Types of Title Insurance Claims
Purchasing a home is generally the largest investment people will make in their lifetime. Though homeownership is part of the American Dream, it is also risky if you don’t cover all the legal bases of events from the past resurface to haunt you and your dream.
When your purchase a home through a lender, that company will require that you purchase a title insurance policy from a title insurance company. The title company will then do a search of public records to discover – or uncover – any outstanding obligations on the property in question. For instance, there may be unpaid taxes or a previous mortgage that has yet to be paid off. There could even be competing wills designating who actually owns the property.
This type of title insurance is known as lender’s title insurance. In other words, it covers the investment being made by the lender.
Title searches, however, are not always free of defects and oversights. Even after the lender is satisfied and grants the loan, an encumbrance from the past may surface. You might get a letter from the county months or even years later demanding payment of still-outstanding property taxes, which the title search failed to uncover. What do you do?
You cannot file a claim with the lender’s title insurance policy because that policy covers only the lender. In short, you’re on the hook for coming up with past-due taxes unless, when you closed the purchase, you obtained what is called owner’s title insurance. If you did that, you can make a claim against that insurer, who will have to make good on the overdue taxes.
If you’re a homeowner in Chandler, Phoenix, Tucson, or Flagstaff, Arizona, facing financial or other claims against you and the ownership of your property, contact the title insurance attorneys at Arnett & Arnett, PC. Our team can advise you on navigating the system. We have more than three decades of experience dealing with insurance companies and their stalling tactics when processing claims.
Lender’s vs. Owner’s Title Insurance Coverage
The Arizona Department of Insurance draws a clear distinction between title insurance obtained by the lender and title insurance obtained by the owner.
A lender’s policy will pay the lender the outstanding amount due on an owner’s mortgage if the owner’s title to the property is voided by a “title defect.” A title defect means that the ownership of the property prior to its sale was either unsettled or there were issues involving liens or encumbrances on the property, such as the unpaid property tax example cited earlier.
An owner’s title insurance policy protects the owner from liabilities arising after the purchase of the home, which could be the aforementioned unpaid taxes, a previous mortgage with an outstanding balance, or even a dispute over the property’s boundary with a neighbor. An owner’s title policy is optional, but you pay for it only once at the close of escrow. There are no ongoing premiums. You should receive a copy of the policy along with your other closing documents.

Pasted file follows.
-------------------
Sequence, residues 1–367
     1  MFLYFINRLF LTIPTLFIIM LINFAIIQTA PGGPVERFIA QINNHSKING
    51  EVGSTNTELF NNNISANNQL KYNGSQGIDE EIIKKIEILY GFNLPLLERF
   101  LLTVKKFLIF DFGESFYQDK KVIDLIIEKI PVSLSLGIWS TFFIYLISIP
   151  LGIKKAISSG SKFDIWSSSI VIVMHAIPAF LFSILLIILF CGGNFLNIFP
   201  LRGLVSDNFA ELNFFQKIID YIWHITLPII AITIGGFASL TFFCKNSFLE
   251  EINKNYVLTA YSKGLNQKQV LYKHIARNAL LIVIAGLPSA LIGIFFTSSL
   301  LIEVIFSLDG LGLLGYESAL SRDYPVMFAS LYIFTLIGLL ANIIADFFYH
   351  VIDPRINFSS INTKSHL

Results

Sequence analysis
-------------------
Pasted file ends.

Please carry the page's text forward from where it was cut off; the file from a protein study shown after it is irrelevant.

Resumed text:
Types of Title Insurance Claims
While homeowners’ insurance protects the owner against future events, such as structural damage and even losses due to burglary, your title insurance policy covers you for past events that were not discovered during the initial title search.
A typical owner’s title insurance policy will usually cover the following events or hazards:
Ownership claims by a third party
Incorrect signatures on documents, including forgery and fraud
Restrictive covenants, such as unrecorded easements
Encumbrances or judgments against the property, such as outstanding lawsuits or liens
An ownership claim can arise because, for instance, a will was not probated and the property transferred anyway. That “owner” can resurface and make a claim to the property you purchased from someone else you thought was the owner.
An easement challenge could arise from a fence that was built prior to your purchase that is on a neighbor’s property. A lien from a past unpaid debt might resurface, or a judgment in a lawsuit could also suddenly come to the fore. An unpaid home equity loan might be among the debts unexpectedly reappearing.
Filing a Title Insurance Claim
Insurance companies may have different requirements for filing a claim for a title defect threatening your right to ownership of the property you felt you legitimately purchased. Regardless of the reporting requirement, the title company is obligated to pay for your financial loss or the value of the claim against you and also cover all associated legal costs, up to the face value of the policy purchased.
Note, however, that these policies contain numerous exclusions and exceptions, including an unrecorded title defect you already knew about, building and zoning violations, restrictive covenants limiting your use of the property, and more. Be sure to read the fine print.
How an Insurance Claim Attorney Can Help
Insurance companies are for-profit institutions, so filing a claim is not always going to be the slam dunk you expect it to be. Insurance representatives, often in the person of a claims adjuster, are trained to limit the parent company’s liability.
To do so, they will try to get you to say or do something that can provide them with an excuse to lowball or even deny your claim. They may even try to use your policy’s exclusions and exceptions to question the validity of your claim.
An attorney experienced in dealing with insurance companies and their tactics can handle all the insurer’s questions and objections and help speed the way to resolution.
If you’re in the Chandler, Arizona area, or nearby in Phoenix, Tucson, or Flagstaff – or anywhere in Arizona – rely on Arnett & Arnett, PC. With our 30-plus years of dealing with insurance companies, we can help you exercise your rights and obtain the best possible outcome. Reach out immediately if a title dispute arises over your property and threatens your ownership.